The entire “Now About Those Differences” series is available here.
Fellowship and the Evangelical Spectrum
Finally we come to the hard part. I have been writing about fundamentalists and conservative evangelicals. In the process, I have tried to articulate briefly a vision of Christian fellowship and separation. This vision involves a boundary (the gospel), outside of which no Christian fellowship is possible. It also involves a center, the whole counsel of God. Increasing levels of fellowship necessarily index to this center.
In my thinking, separation is simply the absence of fellowship. Outside of the boundary, separation is absolute. No Christian recognition should ever be given. Inside the boundary, separation is decided by the extent to which we Christians mutually hold the faith (the whole counsel of God) in its integrity.
Even among fundamentalists, certain separations are unavoidable. These separations are forced upon us when we cannot jointly hold the whole counsel of God in its integrity. In that sense, each separation includes some element of censure. Nevertheless, separation at one level does not necessarily require separation at every other level. Nor do these separations necessarily require that we adopt a contemptuous attitude toward one another. To the contrary, separations can and usually should be carried out with grace and charity.
At the risk of publicly embarrassing a friend, let me cite an example. Some years ago, God in His grace allowed me to make the acquaintance of Dr. Michael Barrett, president of Geneva Reformed Seminary. Dr. Barrett is a committed Presbyterian, while I am a Baptist by conviction. He is a covenant theologian (though a premillennialist), while I am a dispensationalist (though hardly of the Hal Lindsey variety).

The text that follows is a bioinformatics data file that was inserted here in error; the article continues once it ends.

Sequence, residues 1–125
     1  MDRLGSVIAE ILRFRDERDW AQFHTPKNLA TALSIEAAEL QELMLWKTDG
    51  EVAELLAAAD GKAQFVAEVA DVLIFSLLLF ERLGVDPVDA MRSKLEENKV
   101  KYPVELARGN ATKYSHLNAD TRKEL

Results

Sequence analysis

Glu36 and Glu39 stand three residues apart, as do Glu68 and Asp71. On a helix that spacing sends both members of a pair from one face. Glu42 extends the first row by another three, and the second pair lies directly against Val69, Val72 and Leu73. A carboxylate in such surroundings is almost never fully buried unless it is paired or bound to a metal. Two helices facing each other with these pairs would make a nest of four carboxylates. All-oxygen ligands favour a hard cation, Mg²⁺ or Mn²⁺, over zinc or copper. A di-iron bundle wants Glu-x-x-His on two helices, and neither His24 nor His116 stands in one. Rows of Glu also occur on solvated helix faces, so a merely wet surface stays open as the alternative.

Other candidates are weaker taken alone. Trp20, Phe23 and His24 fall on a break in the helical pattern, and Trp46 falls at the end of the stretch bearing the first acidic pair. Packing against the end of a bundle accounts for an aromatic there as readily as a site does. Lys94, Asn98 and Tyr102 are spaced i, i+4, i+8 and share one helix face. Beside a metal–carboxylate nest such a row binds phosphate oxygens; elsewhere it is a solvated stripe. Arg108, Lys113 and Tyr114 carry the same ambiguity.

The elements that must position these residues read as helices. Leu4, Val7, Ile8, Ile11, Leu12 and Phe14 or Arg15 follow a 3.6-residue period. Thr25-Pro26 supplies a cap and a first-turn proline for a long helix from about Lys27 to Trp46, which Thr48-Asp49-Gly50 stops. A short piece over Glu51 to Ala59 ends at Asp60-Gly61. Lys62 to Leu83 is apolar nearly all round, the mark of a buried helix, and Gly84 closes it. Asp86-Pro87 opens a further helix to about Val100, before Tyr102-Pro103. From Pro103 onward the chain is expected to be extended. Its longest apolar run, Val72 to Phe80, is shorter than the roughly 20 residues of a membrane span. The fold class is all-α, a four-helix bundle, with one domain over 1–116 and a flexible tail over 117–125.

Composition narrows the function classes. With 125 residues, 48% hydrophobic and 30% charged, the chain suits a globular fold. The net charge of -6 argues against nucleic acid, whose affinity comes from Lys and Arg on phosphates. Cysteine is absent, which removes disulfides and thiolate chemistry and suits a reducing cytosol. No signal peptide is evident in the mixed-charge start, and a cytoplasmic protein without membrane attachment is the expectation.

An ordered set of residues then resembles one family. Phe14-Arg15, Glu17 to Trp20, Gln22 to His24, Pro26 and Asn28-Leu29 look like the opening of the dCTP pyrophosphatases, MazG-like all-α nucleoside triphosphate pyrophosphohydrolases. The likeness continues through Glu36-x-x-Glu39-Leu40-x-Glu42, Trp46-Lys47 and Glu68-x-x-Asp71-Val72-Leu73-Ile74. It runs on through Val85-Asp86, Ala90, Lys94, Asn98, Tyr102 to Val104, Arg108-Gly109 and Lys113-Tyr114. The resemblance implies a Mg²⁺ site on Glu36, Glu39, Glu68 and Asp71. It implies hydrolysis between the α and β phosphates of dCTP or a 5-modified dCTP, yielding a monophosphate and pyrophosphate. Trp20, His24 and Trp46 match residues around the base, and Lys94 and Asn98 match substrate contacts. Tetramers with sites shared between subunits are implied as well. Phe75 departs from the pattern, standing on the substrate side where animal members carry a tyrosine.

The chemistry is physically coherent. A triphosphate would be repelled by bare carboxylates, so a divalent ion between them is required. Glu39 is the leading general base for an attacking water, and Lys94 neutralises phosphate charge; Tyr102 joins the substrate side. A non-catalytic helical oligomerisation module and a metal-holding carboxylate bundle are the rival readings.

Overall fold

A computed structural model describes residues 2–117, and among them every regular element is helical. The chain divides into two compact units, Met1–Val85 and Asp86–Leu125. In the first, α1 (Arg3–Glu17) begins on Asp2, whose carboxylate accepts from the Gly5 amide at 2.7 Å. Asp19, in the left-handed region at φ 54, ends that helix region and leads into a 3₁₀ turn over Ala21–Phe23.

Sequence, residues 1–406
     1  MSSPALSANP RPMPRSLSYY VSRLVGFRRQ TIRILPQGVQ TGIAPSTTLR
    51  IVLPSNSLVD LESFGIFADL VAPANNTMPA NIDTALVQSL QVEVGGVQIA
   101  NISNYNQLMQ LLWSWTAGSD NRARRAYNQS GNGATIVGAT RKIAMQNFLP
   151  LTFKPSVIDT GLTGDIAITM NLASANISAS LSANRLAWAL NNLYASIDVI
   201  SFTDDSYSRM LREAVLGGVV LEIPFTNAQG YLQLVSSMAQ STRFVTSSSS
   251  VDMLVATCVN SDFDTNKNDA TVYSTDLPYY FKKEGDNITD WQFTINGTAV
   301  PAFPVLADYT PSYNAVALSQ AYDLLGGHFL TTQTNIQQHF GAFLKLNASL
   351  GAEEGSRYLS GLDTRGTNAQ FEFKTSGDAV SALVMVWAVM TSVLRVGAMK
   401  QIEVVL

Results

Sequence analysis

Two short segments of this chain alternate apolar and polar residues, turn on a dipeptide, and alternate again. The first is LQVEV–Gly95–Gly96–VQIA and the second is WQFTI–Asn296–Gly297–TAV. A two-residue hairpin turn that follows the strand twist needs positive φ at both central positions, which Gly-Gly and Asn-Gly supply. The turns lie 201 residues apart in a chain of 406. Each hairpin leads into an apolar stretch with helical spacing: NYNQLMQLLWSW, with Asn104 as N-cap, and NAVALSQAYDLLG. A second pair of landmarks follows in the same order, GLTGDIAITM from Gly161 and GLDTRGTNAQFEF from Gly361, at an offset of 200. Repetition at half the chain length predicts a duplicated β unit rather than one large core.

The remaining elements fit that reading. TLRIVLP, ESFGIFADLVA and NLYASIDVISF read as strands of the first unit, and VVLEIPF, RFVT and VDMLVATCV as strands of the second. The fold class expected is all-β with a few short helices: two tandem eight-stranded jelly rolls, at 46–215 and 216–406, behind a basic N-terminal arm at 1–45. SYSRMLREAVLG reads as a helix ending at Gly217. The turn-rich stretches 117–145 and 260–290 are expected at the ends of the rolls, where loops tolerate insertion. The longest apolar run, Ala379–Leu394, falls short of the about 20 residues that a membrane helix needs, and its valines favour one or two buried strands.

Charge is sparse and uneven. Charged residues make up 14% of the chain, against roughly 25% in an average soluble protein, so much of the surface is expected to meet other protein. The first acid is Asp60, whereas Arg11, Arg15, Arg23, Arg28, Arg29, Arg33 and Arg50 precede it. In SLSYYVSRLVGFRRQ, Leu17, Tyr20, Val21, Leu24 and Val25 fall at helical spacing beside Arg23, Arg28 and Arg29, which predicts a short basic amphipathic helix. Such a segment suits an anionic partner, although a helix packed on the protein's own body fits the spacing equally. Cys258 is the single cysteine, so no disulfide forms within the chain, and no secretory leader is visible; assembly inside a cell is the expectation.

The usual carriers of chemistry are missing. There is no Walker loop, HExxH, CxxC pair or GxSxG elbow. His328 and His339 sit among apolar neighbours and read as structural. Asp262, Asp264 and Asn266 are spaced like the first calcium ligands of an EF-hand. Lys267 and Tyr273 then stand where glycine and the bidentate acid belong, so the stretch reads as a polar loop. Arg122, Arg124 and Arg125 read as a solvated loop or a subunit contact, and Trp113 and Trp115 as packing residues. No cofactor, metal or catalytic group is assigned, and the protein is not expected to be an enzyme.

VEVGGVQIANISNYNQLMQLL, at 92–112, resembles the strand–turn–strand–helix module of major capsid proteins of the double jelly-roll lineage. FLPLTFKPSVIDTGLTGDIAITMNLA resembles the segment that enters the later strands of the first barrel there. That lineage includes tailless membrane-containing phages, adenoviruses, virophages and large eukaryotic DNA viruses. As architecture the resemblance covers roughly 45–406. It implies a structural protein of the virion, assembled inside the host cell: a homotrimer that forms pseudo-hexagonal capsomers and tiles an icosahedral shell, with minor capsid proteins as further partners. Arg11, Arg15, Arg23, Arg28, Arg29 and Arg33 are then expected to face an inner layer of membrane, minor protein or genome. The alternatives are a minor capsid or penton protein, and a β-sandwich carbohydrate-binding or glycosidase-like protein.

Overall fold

It should go without saying that Dr. Barrett and I find our fellowship limited in a number of areas. Both our ecclesiology and our eschatology differ at important points. He is not going to ask me to lecture on baptism and I am not going to ask him to make speeches about pretribulationism.
More importantly, we cannot be pastors in the same church. Dr. Barrett probably could not in good conscience pastor a church that strictly forbade infant baptism. I could not pastor a church that allowed it. Consequently, Dr. Barrett and I are not likely to plant any churches together.
In other words, we separate from one another. We separate in every area that requires a commitment to those areas of eschatology or ecclesiology over which we differ. We cannot cooperate in any way that would require either of us to surrender his obedience (as he understands it) to Christ.
Do not make the mistake, however, of thinking that Dr. Barrett and I see one another as enemies or even opponents. Far from it. When it comes to an understanding of the beauty of holiness, of the majesty of God and the mercy of the Savior, of the importance of gracious affections and the role of sober worship, I find that I have far more in common with Dr. Barrett than I do with most Baptists or dispensationalists.
For the sake of those things, I have a deep respect and love for Dr. Barrett, and I am convinced that he reciprocates. Each of us shares concerns with the other that we share with few other people. We pray for one another. Both of us yearn for God’s best blessings in the ministry of the other. Most germanely, we are committed to fellowshipping and collaborating wherever it is legitimately possible.
To put it baldly, I grieve to be separated from Mike at any level. I see our separation as an evil, and I yearn for the day when our fellowship will be utterly unhindered. If there were a legitimate way of overcoming that separation now, I would pursue it.